On The Hill
As I have mentioned in previous posts, I am not a natural-born killer. But I’m a carnivore through-and-through, and was delighted to be invited to walk in the line. Everything aside, a day in The Highlands makes for the most excellent safari.
Wading through knee-high heather, and squelching through wodges of moss, you can easily become distracted, spotting final-blasts of bell heather and elusive sprigs of lucky white heather. Clusters of cranberries, blaeberries and cloudberries, spiked juniper and rosebay willowherb swaying in the breeze. There are carpets of yellow-green and rusty red sphagnum – a thick moss allegedly used to soak up blood during the Second World War. On dry days, blasts of pollen blows up from the heather as you stomp from clump to clump, filling the air with a sweet, heather-honey smell. And on wet days, rain clings to the gorse and heather fronds, and rubs off on the vulnerable trouser-gap between gaiters and coat.
If it’s sunny, then lunch is eaten on the hill. If it’s raining, then lunch is also eaten on the hill. The best kind of high-energy, picnic treats, which taste all the better because you’ve earned it. Ginger beer, ham sandwiches, crisps, chocolate bars….and ‘pudding sandwiches’.
Pudding sandwiches are apparently unique to The Allargue shoot, and were first invented in 1944. Though there’s no real historical documentation for this. Only claims made by people who, well, who were eating picnic on the hill back in 1944. Pudding sandwiches are quite easy to make: brown bread (with the crusts cut off), butter (NOT margarine), sultanas, brown sugar. They were supposedly whisked together as an impromptu pudding, when guests arrived, and there was little else in the pantry. Genius.
A Traditional Twelfth Supper
One of the best bits about supper on The Twelfth at Allargue is the joint-preparation. The beauty of a ‘family shoot’, rather than a posh shoot – where there’s something of a disconnect between shooting a bird and it magically appearing on a plate.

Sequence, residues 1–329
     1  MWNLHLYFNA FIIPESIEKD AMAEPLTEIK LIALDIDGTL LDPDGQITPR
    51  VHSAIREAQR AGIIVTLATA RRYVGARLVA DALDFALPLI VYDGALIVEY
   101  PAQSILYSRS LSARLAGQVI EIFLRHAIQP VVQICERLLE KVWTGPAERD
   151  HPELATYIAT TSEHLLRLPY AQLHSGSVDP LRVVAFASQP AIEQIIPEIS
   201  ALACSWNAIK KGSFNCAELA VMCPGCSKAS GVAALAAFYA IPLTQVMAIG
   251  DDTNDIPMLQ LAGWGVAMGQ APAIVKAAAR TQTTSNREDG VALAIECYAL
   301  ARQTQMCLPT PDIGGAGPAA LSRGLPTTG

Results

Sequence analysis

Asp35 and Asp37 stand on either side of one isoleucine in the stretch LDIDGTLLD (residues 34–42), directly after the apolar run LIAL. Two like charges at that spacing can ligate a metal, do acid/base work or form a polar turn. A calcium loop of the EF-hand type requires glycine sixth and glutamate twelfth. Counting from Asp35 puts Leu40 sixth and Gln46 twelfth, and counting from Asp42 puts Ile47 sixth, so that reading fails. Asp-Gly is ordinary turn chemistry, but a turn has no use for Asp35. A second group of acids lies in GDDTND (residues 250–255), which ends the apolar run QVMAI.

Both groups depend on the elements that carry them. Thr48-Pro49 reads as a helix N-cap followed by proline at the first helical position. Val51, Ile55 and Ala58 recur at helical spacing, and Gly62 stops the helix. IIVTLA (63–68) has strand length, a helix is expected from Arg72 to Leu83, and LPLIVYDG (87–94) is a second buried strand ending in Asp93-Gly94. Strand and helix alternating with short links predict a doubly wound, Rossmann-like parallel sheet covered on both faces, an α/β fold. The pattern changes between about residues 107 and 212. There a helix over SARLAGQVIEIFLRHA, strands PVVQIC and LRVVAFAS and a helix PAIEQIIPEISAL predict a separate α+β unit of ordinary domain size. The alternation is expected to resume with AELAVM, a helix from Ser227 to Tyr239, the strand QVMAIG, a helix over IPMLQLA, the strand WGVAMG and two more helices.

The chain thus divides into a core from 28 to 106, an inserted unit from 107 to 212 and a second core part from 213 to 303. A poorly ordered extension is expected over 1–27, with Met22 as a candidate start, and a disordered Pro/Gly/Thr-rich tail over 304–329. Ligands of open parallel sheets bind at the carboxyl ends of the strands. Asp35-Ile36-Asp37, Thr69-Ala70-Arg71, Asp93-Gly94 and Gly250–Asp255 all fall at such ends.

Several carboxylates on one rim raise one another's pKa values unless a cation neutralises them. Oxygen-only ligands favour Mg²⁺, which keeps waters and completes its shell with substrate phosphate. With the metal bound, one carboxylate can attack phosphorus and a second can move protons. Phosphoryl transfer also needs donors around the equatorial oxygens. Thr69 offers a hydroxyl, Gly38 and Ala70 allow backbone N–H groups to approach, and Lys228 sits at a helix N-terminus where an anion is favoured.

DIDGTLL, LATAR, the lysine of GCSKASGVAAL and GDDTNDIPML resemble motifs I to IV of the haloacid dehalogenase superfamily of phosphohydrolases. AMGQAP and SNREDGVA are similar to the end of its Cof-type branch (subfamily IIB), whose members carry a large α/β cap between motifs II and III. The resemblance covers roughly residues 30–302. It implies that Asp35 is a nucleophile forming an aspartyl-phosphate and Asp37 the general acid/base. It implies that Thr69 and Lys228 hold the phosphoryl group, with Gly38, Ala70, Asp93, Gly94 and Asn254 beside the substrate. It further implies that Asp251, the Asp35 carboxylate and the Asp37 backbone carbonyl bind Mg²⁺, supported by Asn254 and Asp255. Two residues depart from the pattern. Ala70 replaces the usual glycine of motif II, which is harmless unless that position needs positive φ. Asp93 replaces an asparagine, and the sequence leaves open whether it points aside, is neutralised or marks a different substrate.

There are quite a few steps involved, which I will do my best to describe:
Hold the grouse with the legs pointed toward you. Starting breast up, hold the bird tight, and sharply pull off the feathers away from you. As the skin becomes more and more exposed, stretch it taught – trying not to nick it – and work your way round the grouse, putting the plucked feathers in a bin bag to keep things neat.
Grouse bones are quite fine, so a pair of heavy-duty kitchen scissors should suffice. But if you’re lucky enough to have a pair of meat scissors, then it’s the perfect opportunity for an outing.
Firstly, cut the neck diagonally, right at the base (see below). This will expose the top of the crop – a sack of skin at the top of the neck, where the grouse stores food for later, like a squirrel’s cheeks. A full crop might be bursting with bits of heather and berries. Pull out the whole sack and discard.
Next, use the scissors to snip through the wings at the ‘elbow’ joint, and the legs at the ‘knee’ joint. No need to get too worked up with specifics here – there’s barely any meat on wings or legs. It’s more to do with aesthetics than butchery.
You can use a candle, or you can use a gas ring. It doesn’t really matter – the importance is having an open flame to whisk the birds over quickly enough to singe off the remaining feathers, but not enough to even start cooking the bird. Don’t be alarmed by the smell of burning hair. It’s to be expected.
Cut a little hole right by the bird’s bum . Now don’t be shy. Get your finger up there, and pull out all the innards. Right at the back of the crevice will be the heart and liver. Save the heart for stock. The livers introduce a bitter taste if added to the stock, so discard them, or put them to one side to use for a pate or a terrine.
All of this is pretty smelly, so put all the innards straight into newspaper, and then into a bin bag, and chuck straight away.
I am attributing this recipe to Rosey Walker. Even though I think it’s a fairly traditional method, I’ve watched and learned from her, and will always cook for The Twelfth in accordance to how I’ve seen her do it in the past.
Firstly, put all the grouse in a tray, and cover them each in a couple of rashers of bacon to stop them drying out. Next, drizzle a few cap-fulls of whisky over the grouse. Put them inside a hot oven, near the top, for 20 minutes – enough for the bacon to crisp. Some people like really pink grouse, most people really dislike grey overcooked birds. I think I’m with the majority in that I like them juicy and tender, but not-too-rare.
Put the grouse hearts in a pan with boiling water, and let them infuse into a stock. Once the grouse are all cooked, remove them from the tin, and deglaze with a bottle of red wine. Let it bubble away for a couple of minutes. Then strain the hearts from the stock in the pan, and add it to the tin with the red wine and meat juices.
The traditional extras are bread sauce, breadcrumbs, and ‘game chips’ – which can be tortuously made with a mandolin and then fried or cooked until crispy but not burned. Or you could follow Rosey’s lead, and use kettle crisps – which provide the perfect texture, and saltiness. Sometime’s life’s just too short!
Interested in a Scottish expedition? Book a stay at Allargue by clicking HERE.
The Telegraph tells us which are the best red wines to drink with grouse.